Opera Betty: The Rake’s Progress

You know? things in this world are not going as planned. There are times when we here at Opera Betty read the news and shake our heads. That’s what we do when life imitates art. Life should make up some of its own material, if you ask me.

The Rake’s Progress was first performed on 9/11 (before 9/11 was 9/11), in 1951. The recording I have is of the world premier, in Venice (Italy, not Arkansas). It’s conducted by Stravinsky, so it’s completely rocking  – except it sounds like someone played the recording on a Victrola, while holding up one of those old cassette players. The cassette was then thrown out of a car window, driven over, respooled and digitally remastered.

In other words, it’s totally cool to have, but painful to listen to.

Stravinsky wrote The Rake’s Progress when he was already very successful, writing commissioned pieces for orchestras around the world. So full disclosure: no kick-backs up front. He was inspired by a series of modern moral subjects, by artist William Hogarth, and thought aw, what the heck?


The Rake’s Progress, then, is a cautionary moral tale. Let us begin.

We have Anne Trulove and Tom Rakewell, singing in the garden of Anne’s father’s country estate. Her father has offered to help find Tom a job, but Tom would rather get rich without doing any actual work. He wishes this aloud and, poof! who should appear but Nick Shadow.

Nick tells Tom he has inherited a fortune. Tom hires Nick as a servant and the two go off to London to collect the inheritance. Note the “master” and “servant” irony, if you would, please.

In London, Nick takes Tom to a brothel, run by a madame named Mother Goose. I don’t make this stuff up, people. W.H. Auden and Chester Kallman did. To his credit, Tom resists the charms of the prostitutes, but finally succumbs to Mother Goose. I mean really, who can resist a little Mother Goose at bedtime?

Anne, sensing a disturbance in the force, goes to find him.

Meanwhile, Tom has grown bored with his stint as the prodigal son. He is rich, rich, rich, but still not happy. So he wishes he was happy and, poof again! Up pops Nick. Nick suggests Tom marry the bearded lady, Baba the Turk. Which I’m sure seemed like a good idea at the time?

Anne arrives, but is rejected by Tom. Which is a lucky break for her, I’d say.

Baba the Turk then drives Tom out of his ever-loving mind. He tosses a wig at her to get her to pipe down, which turns her into a statue. I’m sure there’s some kind of symbolism there but it’s beyond me.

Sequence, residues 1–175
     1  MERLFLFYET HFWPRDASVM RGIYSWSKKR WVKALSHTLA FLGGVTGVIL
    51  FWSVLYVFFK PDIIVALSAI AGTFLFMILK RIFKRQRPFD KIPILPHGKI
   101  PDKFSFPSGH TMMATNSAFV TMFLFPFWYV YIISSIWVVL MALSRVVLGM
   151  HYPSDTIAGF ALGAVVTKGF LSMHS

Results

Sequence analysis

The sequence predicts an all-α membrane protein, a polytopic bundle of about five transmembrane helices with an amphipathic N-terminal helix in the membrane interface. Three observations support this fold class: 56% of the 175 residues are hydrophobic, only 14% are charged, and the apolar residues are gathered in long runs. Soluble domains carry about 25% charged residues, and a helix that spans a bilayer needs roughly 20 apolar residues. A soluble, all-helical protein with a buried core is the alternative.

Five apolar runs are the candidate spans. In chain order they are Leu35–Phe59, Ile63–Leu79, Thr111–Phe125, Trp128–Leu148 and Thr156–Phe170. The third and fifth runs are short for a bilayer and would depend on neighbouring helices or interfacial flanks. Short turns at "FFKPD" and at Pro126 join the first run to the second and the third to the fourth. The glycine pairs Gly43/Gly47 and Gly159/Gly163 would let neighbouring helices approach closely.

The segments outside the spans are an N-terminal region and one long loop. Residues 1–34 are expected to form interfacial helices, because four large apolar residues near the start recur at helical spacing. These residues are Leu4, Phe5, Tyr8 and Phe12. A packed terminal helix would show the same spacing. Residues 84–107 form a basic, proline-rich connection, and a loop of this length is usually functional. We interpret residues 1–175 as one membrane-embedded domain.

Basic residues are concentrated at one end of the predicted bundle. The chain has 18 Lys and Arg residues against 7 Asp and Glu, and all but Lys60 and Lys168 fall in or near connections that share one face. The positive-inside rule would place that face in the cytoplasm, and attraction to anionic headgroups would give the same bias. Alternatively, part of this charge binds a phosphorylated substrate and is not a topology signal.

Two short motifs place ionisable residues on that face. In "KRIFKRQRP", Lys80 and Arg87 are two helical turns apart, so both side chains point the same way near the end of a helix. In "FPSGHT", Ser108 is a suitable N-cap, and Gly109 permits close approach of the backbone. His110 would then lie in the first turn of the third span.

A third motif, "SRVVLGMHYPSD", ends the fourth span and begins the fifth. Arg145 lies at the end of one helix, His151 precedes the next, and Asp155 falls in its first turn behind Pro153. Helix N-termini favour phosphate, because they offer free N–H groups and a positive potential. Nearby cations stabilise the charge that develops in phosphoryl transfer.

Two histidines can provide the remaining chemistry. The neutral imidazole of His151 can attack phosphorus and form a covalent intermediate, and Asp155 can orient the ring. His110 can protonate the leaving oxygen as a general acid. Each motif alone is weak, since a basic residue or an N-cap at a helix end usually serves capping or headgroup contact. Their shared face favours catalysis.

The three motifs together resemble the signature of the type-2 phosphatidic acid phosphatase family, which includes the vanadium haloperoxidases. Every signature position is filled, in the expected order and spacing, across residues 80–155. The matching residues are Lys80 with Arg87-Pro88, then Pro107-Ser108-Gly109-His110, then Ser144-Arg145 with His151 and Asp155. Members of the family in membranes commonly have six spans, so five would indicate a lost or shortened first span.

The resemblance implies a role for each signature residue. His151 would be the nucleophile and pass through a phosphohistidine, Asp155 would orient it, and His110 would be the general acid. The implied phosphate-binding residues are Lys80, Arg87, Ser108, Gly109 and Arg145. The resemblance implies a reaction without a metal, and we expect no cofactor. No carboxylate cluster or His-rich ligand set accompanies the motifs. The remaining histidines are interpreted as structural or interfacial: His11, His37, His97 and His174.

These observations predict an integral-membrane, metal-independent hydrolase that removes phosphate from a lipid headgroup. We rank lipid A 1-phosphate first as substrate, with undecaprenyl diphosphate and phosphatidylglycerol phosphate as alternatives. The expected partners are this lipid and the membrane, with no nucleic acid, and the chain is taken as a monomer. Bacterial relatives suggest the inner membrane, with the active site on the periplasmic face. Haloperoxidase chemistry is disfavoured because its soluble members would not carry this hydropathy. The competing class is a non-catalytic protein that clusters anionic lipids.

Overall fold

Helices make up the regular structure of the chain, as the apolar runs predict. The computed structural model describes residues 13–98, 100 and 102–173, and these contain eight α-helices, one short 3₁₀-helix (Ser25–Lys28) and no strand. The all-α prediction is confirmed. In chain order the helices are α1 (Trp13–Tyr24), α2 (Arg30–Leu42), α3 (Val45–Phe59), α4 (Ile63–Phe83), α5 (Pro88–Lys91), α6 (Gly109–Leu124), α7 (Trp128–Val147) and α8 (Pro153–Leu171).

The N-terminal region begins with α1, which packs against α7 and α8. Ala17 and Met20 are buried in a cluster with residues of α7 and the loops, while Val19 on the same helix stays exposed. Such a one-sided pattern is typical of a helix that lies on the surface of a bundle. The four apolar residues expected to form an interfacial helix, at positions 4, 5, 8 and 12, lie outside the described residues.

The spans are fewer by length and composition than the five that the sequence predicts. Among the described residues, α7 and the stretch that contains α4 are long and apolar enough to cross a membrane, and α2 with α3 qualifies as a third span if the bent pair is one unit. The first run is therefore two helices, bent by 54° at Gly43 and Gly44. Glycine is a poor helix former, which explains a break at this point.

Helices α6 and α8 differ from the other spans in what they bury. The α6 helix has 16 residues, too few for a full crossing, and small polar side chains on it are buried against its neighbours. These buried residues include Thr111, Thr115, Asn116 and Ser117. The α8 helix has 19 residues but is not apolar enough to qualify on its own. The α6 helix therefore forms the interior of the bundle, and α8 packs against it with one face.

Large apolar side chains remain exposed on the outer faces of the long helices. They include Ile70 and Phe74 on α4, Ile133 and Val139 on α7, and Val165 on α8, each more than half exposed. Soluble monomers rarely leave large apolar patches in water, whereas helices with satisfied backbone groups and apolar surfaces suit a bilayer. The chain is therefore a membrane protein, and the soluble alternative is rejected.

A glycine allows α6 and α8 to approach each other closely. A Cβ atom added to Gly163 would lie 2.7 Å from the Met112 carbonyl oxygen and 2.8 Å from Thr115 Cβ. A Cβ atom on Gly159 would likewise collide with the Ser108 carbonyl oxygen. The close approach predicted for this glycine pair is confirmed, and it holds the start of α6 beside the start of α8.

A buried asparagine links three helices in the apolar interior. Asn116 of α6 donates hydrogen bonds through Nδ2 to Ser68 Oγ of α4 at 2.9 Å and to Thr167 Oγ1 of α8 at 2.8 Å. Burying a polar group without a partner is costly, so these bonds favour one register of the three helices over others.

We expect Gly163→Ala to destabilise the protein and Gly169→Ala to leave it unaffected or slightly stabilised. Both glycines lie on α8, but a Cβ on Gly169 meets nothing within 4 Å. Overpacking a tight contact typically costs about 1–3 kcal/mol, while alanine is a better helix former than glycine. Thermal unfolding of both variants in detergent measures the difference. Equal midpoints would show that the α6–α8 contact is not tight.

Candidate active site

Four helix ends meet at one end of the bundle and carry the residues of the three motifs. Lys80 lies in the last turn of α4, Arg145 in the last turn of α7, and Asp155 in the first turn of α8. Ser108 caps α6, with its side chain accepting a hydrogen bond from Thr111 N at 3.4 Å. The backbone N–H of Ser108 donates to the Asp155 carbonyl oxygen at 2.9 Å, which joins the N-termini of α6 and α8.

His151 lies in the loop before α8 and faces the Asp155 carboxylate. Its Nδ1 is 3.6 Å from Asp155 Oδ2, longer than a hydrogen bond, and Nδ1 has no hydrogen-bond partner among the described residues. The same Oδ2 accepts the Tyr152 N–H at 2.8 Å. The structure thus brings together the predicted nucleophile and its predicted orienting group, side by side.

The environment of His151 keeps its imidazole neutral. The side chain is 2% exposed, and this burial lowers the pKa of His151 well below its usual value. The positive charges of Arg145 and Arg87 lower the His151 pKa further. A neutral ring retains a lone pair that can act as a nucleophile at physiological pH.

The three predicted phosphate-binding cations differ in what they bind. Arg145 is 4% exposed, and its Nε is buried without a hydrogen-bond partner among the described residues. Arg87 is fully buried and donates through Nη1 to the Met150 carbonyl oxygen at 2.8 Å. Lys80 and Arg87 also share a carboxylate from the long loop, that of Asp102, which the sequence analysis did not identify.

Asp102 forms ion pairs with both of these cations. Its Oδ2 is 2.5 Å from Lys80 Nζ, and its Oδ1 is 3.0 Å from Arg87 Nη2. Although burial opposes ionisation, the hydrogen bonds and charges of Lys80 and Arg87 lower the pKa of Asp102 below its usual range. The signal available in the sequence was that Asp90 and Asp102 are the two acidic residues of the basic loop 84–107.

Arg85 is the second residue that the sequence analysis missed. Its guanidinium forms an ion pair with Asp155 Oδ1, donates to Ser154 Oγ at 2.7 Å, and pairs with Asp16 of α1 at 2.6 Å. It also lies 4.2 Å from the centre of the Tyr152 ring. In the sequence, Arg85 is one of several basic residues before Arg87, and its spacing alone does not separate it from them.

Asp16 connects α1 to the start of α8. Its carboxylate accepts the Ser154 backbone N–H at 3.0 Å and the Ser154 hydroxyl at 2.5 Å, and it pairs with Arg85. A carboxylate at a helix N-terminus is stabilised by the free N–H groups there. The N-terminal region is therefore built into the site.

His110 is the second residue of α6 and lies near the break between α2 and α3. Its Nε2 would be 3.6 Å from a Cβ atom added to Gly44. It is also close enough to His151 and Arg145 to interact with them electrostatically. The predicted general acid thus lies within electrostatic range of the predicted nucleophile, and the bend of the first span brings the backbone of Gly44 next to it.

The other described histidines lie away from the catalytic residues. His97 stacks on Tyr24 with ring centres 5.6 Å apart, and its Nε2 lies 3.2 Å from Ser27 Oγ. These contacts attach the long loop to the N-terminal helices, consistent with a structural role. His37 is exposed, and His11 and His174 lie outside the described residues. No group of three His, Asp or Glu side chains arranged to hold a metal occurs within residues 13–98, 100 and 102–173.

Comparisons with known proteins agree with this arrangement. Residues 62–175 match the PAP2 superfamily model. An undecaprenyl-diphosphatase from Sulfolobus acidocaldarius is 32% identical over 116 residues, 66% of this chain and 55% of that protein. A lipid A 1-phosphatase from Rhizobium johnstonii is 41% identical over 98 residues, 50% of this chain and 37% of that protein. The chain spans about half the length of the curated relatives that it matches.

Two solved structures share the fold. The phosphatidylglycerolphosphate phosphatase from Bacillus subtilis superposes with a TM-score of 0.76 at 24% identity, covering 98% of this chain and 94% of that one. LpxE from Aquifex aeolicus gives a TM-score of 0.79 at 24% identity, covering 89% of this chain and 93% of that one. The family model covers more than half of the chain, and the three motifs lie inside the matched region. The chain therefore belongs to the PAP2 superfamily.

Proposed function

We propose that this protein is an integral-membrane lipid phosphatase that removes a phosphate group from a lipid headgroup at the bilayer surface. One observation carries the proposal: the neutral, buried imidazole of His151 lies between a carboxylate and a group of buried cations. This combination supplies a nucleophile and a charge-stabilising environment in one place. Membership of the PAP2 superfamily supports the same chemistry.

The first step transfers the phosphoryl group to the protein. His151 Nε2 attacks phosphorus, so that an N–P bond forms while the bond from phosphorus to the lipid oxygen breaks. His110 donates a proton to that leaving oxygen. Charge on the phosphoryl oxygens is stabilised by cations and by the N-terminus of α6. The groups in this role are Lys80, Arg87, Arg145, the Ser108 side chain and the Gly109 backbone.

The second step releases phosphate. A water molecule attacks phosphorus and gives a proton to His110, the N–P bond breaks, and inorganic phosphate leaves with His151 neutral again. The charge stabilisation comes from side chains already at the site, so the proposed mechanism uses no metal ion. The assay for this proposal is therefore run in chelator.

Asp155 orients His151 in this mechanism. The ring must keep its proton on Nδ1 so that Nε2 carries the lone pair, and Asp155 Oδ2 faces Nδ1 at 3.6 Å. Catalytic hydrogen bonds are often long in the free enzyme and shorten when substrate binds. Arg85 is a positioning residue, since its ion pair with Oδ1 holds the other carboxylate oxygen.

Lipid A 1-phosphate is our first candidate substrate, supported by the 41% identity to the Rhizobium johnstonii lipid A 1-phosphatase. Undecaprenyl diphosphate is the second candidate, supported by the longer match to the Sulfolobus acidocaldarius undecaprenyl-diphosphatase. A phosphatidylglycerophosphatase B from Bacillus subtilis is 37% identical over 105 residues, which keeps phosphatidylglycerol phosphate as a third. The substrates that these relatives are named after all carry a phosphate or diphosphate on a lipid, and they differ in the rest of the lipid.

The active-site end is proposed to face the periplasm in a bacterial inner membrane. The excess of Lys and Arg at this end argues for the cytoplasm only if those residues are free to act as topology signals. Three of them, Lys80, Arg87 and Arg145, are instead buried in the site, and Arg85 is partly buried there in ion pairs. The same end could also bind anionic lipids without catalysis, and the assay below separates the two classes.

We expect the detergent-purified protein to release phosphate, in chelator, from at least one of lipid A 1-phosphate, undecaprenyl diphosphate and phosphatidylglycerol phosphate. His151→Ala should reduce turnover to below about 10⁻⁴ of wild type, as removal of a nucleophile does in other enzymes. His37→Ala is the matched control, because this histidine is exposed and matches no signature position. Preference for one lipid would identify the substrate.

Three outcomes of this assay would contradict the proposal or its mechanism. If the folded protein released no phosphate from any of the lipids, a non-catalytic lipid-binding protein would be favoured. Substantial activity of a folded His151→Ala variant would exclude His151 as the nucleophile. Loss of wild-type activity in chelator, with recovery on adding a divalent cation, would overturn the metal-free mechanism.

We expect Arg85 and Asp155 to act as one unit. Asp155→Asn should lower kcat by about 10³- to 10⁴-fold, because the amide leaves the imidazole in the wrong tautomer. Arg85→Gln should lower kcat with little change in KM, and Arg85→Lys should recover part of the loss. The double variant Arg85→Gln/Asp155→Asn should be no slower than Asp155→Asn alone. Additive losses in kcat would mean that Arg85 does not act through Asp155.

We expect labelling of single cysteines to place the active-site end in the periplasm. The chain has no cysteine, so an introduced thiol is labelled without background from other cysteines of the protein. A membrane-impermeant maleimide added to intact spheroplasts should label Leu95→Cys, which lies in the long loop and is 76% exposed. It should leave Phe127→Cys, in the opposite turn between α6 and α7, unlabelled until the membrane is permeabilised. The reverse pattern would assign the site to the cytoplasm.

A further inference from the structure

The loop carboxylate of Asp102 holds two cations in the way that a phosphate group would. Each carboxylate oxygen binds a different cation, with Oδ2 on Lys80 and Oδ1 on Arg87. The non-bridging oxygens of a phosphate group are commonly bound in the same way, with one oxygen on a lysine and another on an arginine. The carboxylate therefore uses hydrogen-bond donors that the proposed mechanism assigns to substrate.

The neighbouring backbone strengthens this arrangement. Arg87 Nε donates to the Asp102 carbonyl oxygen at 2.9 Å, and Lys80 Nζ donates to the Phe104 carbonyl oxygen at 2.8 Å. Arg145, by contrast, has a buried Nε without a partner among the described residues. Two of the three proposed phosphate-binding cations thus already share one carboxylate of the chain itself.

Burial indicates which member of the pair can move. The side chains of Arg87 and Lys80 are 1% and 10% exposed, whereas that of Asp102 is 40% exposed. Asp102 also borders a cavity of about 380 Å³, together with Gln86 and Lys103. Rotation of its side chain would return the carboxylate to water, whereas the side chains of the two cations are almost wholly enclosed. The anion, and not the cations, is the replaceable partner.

With Baba quiet, Tom finally gets some sleep and dreams of a wonderful device. He wakes up and wishes it were true, because with this machine you could make bread out of stones. Get rich quick, scheme, anyone?

It’s even worse than that, because when Nick arrives on the scene to grant his wish, the machine is a fraud (you put in a rock and a loaf of bread comes out the trap door). Tom attempts to sell the machines (to eradicate world hunger, don’t you know), and goes bankrupt when he’s discovered as a humbug.

Insert parallel corporate scandal here.

All of Tom’s belongings are then auctioned off, including Baba.

It’s been a year since Tom first met Nick Shadow, and it’s time for Nick to claim Tom’s soul (what’s left of it). They play a game of cards to see who gets to keep the soul and Tom, trusting Anne’s voice, wins with the Queen of Hearts. Ahhh! Peace and happiness at last!

Except Nick condemns Tom to insanity – which I hardly think is fair. He’s committed to an asylum (the notorious Bedlam asylum, interestingly enough), where he is completely delusional and tries to convince his fellow nut hatches that he’s the Greek god Adonis. According to godchecker.com, Adonis is  the “handsome God of Desire and Manly Good Looks. Has a very high squeee! factor.”

Let’s add godchecker.com to the list of random websites I have a new crush on, shall we?

The other inmates don’t believe him, until Anne appears and sings him a lullaby. They all think she’s Venus. And then Tom dies peacefully in his sleep. That’s some singing.

But wait! In case you missed the point, all the main characters come marching out for the Epilogue, and tell us their own version of what the hell happened. Pun intended.